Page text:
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2019 Arkansas Living Treasure: Longhua Xu

Arkansas Arts Council - Friday, February 08, 2019


Image 8: Weaving, oak wood, 11” x 6”, 2.5”, (1984,) by Xu

We are pleased to announce Longhua Xu, of Hot Springs, as this year’s Arkansas Living Treasure!

“Xu has dedicated his life to refining his art and is a wonderful addition to our Living Treasure program,” said Stacy Hurst, director of the Department of Arkansas Heritage. “Xu is a talented sculptor, painter and teacher who has been instrumental in perpetuating and developing art and artists in Hot Springs and throughout the state. Arkansas’s creative legacy is indeed richer due to Xu’s many contributions.”

The Arkansas Living Treasure program annually recognizes an Arkansas artist who excels in the creation of a traditional craft and who preserves and advances his or her craft through community outreach and by teaching others. Xu will be honored during a May ceremony.

“I’m glad to share knowledge with the people and to keep art alive,” Xu said.

An independent panel chose Xu as this year’s Living Treasure based on his wood carvings. The panel picked Xu based on his quality of work, contributions to traditional crafts fields and efforts in community.

Xu has studied and practiced art all of his life. He emigrated from China to the U.S. in 1989 and settled in Hot Springs in 1990. He has taught in prestigious schools worldwide and in the U.S. When he moved to Arkansas, Xu taught at Henderson State University and at a local community college. He retired from higher education instruction in 2001 but continues to teach talented students in his private studio.

Xu has advocated for arts education and individual Arkansas artists for nearly 30 years. In 1990, he and his wife published “A Gathering of Artists: Hot Springs — Arkansas, Volume 1,” a book that featured 13 artists’ works and raised public awareness of the artists in Hot Springs. He meets regularly with other artists to share his knowledge of arts.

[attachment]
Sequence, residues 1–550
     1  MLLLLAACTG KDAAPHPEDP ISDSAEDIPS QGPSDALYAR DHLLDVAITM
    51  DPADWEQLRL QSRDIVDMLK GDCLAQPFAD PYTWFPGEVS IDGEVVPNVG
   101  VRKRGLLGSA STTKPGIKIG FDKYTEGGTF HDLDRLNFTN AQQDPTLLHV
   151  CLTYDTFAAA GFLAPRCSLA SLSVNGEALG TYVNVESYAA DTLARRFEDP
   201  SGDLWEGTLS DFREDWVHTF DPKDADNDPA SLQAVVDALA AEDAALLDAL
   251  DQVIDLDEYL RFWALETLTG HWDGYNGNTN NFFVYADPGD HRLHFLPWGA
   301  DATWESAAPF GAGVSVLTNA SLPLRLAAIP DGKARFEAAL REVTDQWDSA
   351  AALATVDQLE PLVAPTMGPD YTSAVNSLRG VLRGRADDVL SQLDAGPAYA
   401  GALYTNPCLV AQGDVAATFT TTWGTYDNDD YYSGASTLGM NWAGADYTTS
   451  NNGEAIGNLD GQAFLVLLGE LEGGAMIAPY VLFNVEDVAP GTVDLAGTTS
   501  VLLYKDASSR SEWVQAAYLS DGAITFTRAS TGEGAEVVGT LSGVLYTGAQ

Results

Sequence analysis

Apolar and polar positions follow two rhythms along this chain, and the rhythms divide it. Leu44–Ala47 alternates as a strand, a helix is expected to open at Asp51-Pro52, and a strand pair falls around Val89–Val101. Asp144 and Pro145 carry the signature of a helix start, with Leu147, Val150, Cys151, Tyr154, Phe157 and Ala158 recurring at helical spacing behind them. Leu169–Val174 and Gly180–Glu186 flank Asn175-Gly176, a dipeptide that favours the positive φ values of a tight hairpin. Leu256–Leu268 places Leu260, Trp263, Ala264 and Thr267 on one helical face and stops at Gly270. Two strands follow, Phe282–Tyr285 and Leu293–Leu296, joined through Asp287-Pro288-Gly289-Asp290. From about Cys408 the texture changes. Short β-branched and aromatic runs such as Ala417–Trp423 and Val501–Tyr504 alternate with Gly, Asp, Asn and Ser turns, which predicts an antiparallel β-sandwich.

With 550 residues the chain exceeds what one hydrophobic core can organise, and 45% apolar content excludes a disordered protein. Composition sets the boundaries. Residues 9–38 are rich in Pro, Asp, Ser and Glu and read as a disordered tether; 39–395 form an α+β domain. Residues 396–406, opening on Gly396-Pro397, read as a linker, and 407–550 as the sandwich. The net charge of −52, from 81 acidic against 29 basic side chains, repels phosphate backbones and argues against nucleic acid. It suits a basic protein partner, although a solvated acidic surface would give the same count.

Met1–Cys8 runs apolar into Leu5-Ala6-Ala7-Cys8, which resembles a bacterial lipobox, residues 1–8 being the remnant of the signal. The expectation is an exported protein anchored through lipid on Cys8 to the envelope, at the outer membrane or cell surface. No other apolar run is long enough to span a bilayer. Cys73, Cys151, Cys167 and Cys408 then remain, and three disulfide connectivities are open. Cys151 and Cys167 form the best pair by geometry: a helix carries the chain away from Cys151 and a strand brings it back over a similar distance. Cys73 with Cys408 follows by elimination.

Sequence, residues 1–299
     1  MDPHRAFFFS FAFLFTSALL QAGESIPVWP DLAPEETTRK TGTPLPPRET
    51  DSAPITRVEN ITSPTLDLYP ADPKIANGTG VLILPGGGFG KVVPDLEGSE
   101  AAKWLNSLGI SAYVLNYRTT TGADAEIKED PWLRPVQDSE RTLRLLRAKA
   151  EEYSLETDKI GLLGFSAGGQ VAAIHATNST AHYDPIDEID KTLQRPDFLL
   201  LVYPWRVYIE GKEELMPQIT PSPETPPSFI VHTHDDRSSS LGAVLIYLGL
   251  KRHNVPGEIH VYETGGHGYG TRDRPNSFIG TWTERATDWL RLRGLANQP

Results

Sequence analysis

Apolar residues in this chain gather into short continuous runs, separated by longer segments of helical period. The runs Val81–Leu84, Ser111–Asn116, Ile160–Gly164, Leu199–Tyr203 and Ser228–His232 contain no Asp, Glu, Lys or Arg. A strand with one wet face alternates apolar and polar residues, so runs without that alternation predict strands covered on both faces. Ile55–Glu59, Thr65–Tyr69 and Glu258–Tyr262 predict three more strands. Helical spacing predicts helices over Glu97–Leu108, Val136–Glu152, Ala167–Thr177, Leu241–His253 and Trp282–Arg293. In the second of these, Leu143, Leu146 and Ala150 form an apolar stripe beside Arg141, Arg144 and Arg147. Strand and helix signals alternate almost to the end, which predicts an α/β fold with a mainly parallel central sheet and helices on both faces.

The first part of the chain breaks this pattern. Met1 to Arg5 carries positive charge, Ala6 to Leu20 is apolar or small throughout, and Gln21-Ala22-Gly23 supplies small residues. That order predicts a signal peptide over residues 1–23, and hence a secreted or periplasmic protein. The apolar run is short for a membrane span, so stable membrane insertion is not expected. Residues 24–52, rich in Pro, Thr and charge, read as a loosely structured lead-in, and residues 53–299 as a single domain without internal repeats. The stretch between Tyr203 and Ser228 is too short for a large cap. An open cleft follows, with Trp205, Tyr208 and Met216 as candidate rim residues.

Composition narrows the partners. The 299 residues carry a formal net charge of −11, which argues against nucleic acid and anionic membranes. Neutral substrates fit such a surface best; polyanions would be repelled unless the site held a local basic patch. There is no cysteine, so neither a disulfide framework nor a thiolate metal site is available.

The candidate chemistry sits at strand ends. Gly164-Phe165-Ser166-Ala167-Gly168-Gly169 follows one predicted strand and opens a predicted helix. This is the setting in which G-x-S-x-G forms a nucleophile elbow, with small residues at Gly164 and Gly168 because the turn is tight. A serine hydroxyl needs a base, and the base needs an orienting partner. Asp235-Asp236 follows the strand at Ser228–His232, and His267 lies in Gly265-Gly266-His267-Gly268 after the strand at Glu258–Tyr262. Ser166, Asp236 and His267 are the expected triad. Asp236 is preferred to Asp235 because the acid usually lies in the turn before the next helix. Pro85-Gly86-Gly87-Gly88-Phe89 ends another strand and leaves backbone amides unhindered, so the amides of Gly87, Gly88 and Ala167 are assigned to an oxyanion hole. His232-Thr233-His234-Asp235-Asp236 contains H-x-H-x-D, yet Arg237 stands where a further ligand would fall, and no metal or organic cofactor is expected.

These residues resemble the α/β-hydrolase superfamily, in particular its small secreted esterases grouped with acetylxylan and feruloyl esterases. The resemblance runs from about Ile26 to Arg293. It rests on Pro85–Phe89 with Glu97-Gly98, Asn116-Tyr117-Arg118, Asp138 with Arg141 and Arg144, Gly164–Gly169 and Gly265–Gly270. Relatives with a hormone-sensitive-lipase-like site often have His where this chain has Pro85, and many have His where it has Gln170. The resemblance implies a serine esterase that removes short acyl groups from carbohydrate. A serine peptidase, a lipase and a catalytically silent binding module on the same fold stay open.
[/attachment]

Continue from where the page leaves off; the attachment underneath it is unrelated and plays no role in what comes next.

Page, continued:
Xu’s artwork also includes public art. He was commissioned in 1992 to produce “Mother Nature,” a sculpture that stands outside the historic Arlington Hotel. His art is in parks, schools, hospitals and private collections statewide.

Xu said he loves to blend artistic techniques and mediums to more fully express his artistic vision. As a young artist, he was classically trained in Eastern and Western woodcarving and blended those techniques to create his own style. He said he wants to use different mediums to capture something new in his work.

Xu’s techniques include everything from stone carving to painting. Last year, he exhibited paintings to spotlight the ethnic and cultural diversity of Arkansans via his own perspective. “The Soul of Arkansas,” which included 40 paintings, opened this past August at the Hot Springs Convention Center.

“It took much courage for Longhua to make the move from China, where he was well established as an artist and teacher," wrote JoAnn Mangione, who nominated Xu. "Here, he and his family started a new life from scratch, overcoming cultural differences and language barriers to blend their traditions with the very different ones of the South. His talent and creativity have added a new dimension to the culture of our community.”

Xu said his work is inspired by the people of Hot Springs. “I’ve been moved by the people because they love each other,” he said.

He said he wants to capture and reflect the loving environment through his artworks. That includes sculptures and paintings of children and animals, mothers and children and Arkansans celebrating together.

“To me, art comes from life,” Xu said.